Herbal Teas for Health

 

Garden tutor, Caz Wakelin, led a workshop session on herbs in the garden and the uses for each for health.

Herbal teas are best made in a covered pot to capture all the essential oils, otherwise they can evaporate into the air; plenty of dried herbal teas are available in shops but many are easy to grow and harvest fresh.

Rosemary tea
Rosemary tea may help
support digestion, promote cognitive function and act as an antioxidant, protecting the body from heart disease and cancer.

Peppermint tea
Drinking peppermint tea to
relieve the symptoms of abdominal gas and bloating, and to relieve muscle spasms. It's also good for nausea (without vomiting) and for heating up the body and making it sweat. If indigestion or heartburn are problems, however, then Dixon recommends avoiding peppermint altogether.

Chamomile tea
A gentle calming and sedative tea made from flowers, chamomile tea can be helpful for insomnia. It can also be helpful with digestion after a meal. Hlps with cases of cough and bronchitis, when you have a cold or fever, or as a gargle for inflammation of the mouth. Be sure to steep it well to get all the medicinal benefits.

Lemon balm tea
An easy-to-grow plant, lemon balm is
helpful for lifting the spirits. “It's good for the winter blues,” says Deacon, “and it can help improve concentration.” She adds that lemon balm is safe for children and may help prevent nightmares when consumed before bed. This herb also makes a refreshing iced tea, and can be flavoured with lemon or maple syrup.

Sage Tea
Drinking sage tea can help with a number of health problems, a small study published in the international journal of molecular sciences showed it
reduced cholesterol when used regularly and can also reduce hot flushes during menopause. It is also an effective treatment for a sore throat as has aniti inflammatory and antibacterial properties.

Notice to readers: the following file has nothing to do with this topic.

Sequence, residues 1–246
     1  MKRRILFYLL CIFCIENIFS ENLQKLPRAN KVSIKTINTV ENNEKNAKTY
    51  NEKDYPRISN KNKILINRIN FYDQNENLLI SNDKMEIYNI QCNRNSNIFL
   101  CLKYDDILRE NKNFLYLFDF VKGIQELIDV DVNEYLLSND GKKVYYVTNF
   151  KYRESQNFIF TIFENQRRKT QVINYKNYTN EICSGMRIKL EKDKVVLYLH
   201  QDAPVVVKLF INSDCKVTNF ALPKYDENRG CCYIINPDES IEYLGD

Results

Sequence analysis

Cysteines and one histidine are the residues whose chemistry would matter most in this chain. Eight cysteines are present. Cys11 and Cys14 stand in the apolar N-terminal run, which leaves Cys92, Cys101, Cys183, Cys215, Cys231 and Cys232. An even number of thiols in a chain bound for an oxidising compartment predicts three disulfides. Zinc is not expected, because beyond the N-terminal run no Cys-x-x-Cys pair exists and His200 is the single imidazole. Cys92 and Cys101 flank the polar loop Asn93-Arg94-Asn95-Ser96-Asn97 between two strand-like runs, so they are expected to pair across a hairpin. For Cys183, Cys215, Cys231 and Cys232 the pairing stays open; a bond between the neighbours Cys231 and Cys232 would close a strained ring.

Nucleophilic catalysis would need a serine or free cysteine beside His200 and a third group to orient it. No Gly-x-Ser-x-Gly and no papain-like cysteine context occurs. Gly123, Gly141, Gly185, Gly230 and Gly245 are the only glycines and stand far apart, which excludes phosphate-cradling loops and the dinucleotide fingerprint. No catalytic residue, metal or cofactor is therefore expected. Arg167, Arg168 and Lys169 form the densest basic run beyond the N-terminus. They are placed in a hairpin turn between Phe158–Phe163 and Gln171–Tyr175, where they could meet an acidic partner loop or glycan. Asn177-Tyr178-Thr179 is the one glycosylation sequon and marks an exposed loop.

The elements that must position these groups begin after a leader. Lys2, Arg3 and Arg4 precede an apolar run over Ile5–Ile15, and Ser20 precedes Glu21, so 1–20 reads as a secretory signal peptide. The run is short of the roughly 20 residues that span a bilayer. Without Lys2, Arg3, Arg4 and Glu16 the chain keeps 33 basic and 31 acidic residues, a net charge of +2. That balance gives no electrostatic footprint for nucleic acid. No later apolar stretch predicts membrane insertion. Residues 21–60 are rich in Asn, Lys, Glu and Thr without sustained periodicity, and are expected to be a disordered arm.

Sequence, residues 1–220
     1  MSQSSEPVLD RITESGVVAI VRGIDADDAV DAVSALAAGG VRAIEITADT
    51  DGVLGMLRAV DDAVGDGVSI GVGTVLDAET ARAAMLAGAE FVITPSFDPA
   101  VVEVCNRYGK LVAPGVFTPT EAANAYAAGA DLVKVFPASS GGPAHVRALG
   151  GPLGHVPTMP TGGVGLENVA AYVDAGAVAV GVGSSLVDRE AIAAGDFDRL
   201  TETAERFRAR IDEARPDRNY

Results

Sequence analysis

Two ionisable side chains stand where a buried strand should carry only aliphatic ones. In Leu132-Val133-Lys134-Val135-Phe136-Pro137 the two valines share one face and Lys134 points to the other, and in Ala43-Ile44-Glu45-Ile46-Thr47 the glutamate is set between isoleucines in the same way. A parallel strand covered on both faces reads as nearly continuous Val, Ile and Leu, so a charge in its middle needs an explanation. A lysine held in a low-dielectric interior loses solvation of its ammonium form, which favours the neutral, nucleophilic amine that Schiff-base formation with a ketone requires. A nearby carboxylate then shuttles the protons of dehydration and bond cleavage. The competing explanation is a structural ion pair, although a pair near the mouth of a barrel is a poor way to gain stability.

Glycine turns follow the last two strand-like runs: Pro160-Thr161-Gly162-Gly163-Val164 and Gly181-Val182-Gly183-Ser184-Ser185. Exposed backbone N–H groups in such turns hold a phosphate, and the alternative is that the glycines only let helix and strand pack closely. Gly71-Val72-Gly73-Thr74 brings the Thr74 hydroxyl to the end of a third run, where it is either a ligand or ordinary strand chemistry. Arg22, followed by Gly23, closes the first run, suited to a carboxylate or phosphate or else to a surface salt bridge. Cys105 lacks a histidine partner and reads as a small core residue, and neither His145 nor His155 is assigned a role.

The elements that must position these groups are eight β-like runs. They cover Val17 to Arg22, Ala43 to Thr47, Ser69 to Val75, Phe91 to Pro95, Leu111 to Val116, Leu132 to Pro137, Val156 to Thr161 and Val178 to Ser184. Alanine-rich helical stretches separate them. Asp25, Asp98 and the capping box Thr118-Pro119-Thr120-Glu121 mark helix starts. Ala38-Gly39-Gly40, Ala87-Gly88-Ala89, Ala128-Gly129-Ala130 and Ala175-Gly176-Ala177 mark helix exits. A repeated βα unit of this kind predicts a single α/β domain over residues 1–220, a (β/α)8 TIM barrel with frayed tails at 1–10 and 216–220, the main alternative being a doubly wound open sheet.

Comfrey Tea
Comfrey is used as a tea for
upset stomach, ulcers, heavy menstrual periods, diarrhorea, bloody urine, persistent cough, painful breathing (pleuritis), bronchitis, cancer, and chest pain (angina). It is also used as a gargle for gum disease and sore throat.

The chemicals in comfrey might have a healing effect and reduce inflammation when applied to the skin. However, comfrey contains toxic chemicals that can be absorbed through the skin and causes liver damage over prolonged and excessive use especially if taken orally.

Marjoram tea
Tea made from the leaves or flowers is used for c
olds, dry and irritating coughs, swollen nose and throat, and ear pain. Marjoram tea is also used for various digestion problems including poor appetite, liver disease, gallstones, intestinal gas, and stomach cramps. Some women use marjoram tea for relieving symptoms of menopause, PMS, starting menstruation, and promoting the flow of breast milk.

Other uses include , muscle spasms, headaches, sprains, bruises and back pain. It is also used as a “nerve tonic” and a “heart tonic,” and to promote better blood circulation.

B;ackcurrent leaf tea
The leaf and berry of blackcurrents can be combined to make a pretty potent immune boosting tea, blackcurrents are very high in vitamin c and the leaves are high in antioxidants and antiviral compounds that are excellent for treating colds and flu symptoms. Studies have also shown that compounds in the skin of the blackcurrent slow down the rate of cancer cells.

Borrage Tea.
Borage flower and leaves are used for
fever, cough, and depression.

Return to Recipes.